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From (good) bedroom tone to (weak) live sound...

Kingfloyd

Inspired
I know that as a consequence of physics law, “bedroom level” presets will sound differently at louder volume. While I have no problem dialing good presets at “bedroom level”, I am unsuccessful at adapting these presets to gig level, which is extremely frustrating. Usually I do not have much time to tweak controls at rehearsal as my mates want to play and always ask that I reduce volume when tweaking presets between songs… I imagine that some of you went through this process:-x … Thus I would l would like to know if there are priorities to consider first to approach good live sounds starting from bedroom presets without tweaking during hours … (as bypassing compressor, reducing gain, or lowering bass … ???) In short the question is, could one guess in which ways the “bedroom level setting” will evolve as the volume goes up …
Hardware is not the problem. I am lucky enough to own good gear (Gibson les Paul with Mule PU + AXE FX II (Firmware 6) + “2:ninety” Mesa through 2 Marshall Handwired Cabinets). Main problem is to adapt higher gain presets: weak tone, lack of body, early Larsen, muddy bass notes …
Any directions on how to proceed is welcome (or have the tweaking process organized ...;)).
 

Tamerz

Inspired
In general I usually find this happens when there are not enough mids. Especially when doing anything high gain. It sounds awesome playing by yourself, but then doesn't cut when playing with a band.
 

mortega76

Fractal Fanatic
My recording (low volume) tones have never translated to great live tones... Try this out... Use any of the recent "tone match" patches and they will ALL sound thin when used in a live setting. Usually kicking up the master is a decent "fix" but I usually just default and start from scratch at gig volumes...
 

chris

Legend!
playing live, i generally cut the bass and treble to let the mids out more. i think like a sound engineer, where cutting EQ is usually better, than a guitarist, where adding EQ is many times better.

even at bedroom levels, i use the gear i'll be using on stage to create tones. you're that much closer to a good sound than using a completely different setup and expecting it to work.

that said, if you can spend even 5 minutes adjusting things at gig volume, or even better, during a song playing with the band, you'll be closer to the best tone.
 

farrakon

Inspired
You know what happens as well? Presence... too much of it and you get lost. In the axe keep the presence under 12 o clock and you will cut through playing with a band.
 

dkijc

Experienced
Home setup vs Gig setup

Hey guys,

I was wondering how you guys compensate between the two setups? At home I have KRK Rokit 5 monitors. And on stage I use QSC12. Yea... I know it's two totally different setup. However my room back in my house is not big enough for me to fit a QSC12's and I need to use the Rokit with my AXE2.

I was reading a thread in the Review section and Cliff mentioning to someone that he/she might be setting a preset to compensate with small drive 'Adam A5x' has. So this got me thinking if anyone has a similar situation where you use a smaller monitor in your studio and use a bigger speaker in gigs and if so, how do you guys set up your patches or what would be the best way to go about setting the patch? DO you use X/Y to switch between amp settings? Do you use OUTPUT 2 for one speaker and OUTPUT 1 for the other one and use their EQ's to compensate? Etc.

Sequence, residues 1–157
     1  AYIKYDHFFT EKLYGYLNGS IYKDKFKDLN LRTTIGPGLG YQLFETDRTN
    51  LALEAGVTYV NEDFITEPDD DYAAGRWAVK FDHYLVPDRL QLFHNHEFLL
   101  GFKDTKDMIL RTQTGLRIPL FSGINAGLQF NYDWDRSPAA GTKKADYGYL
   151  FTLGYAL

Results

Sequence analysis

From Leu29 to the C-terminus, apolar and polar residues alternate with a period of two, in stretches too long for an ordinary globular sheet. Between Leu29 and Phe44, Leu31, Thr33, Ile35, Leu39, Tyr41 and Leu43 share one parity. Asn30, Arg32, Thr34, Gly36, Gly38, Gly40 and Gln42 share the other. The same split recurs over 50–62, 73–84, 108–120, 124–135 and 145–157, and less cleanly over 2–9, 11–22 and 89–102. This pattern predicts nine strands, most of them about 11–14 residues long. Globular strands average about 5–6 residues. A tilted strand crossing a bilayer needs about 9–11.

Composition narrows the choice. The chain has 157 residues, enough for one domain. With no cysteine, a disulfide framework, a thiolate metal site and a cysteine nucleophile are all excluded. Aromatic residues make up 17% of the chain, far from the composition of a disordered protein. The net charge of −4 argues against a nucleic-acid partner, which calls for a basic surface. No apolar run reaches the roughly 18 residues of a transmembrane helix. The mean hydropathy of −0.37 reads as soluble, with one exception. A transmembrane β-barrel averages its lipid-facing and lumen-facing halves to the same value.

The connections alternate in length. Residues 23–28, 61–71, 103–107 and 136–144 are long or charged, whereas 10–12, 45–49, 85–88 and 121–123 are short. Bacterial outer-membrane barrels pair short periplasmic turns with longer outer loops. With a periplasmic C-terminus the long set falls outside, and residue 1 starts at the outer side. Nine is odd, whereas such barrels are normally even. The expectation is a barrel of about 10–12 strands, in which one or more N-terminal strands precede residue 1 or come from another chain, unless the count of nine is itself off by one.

I'm ASSUMING the best thing is use the QSC12 when I set up the patch. Hahaha

Thanks!
 

dkijc

Experienced
That also brings me to another question. When you record, you will be listening through the smaller monitors, right? So I'm assuming patches you setup for recording sessions don't really translates to live patches since you would be monitoring the sound with two different speakers?

Hope that made sense :)
 

notalemming

Fractal Fanatic
I use output 2 for home & output 1 for live & rehearsals & tweak the global EQs to make the patches sound right for each use. Make sure you have copy out 1 to out 2 set. Generally this means less of the lowest lows & highest highs on the out 1 live EQ although I have never had to have too drastic of an EQ to make things work. On both I have between 500 & 4k flat.
 

chris

Legend!
usually, when i setup patches for my live rig k10s, which usually means less bass and treble, etc., when i listen to them back home on my ax5s, the patch sounds good there too! not the other way around though.

but i'm creating guitar tones that sit well in the mix usually, so maybe that's skewing my definition of "sounds good."
 

ari

Inspired
I gig live with an ART2 power amp and an EVM12L cabinet. When I took my tones live, i didn't change much, just turned the gain down on the presets, and on global eq did a gradual roll off from 2k and on.
 

Rick

Fractal Fanatic
You might try a few of the presets here by people using similar setups to yours, see if you like the sounds and also see where the EQs are on those presets. Some of the guys here use their presets in a band format weekly and have already given them the "trial by fire" to make sure they will carry a show. Once you introduce a bigger room, drums, and other instruments, everything changes. I second the previous statement... there is no option to building the preset on the equipment you'll play, in a similar physical environment and volume. Save that, it will always be a crap shoot.
 

chris

Legend!
they use headphones exclusively... haha j/k.

probably 80-90 dB would be my guess, but there are still so many other factors.
 
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